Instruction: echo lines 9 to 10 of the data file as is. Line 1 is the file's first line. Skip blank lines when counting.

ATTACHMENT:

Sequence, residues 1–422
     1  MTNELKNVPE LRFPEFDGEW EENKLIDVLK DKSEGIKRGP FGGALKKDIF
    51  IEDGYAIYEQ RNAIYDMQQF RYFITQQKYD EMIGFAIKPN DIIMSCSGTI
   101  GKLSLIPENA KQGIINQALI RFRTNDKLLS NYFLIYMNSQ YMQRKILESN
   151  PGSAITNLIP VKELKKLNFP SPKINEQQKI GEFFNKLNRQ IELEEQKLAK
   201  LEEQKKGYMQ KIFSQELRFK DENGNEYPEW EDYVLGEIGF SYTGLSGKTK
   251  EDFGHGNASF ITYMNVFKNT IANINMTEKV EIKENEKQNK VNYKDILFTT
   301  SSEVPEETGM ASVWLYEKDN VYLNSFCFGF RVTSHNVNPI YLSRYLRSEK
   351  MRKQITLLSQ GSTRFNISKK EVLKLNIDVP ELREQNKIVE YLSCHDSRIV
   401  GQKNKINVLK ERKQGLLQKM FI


   351  MRKQITLLSQ GSTRFNISKK EVLKLNIDVP ELREQNKIVE YLSCHDSRIV
   401  GQKNKINVLK ERKQGLLQKM FI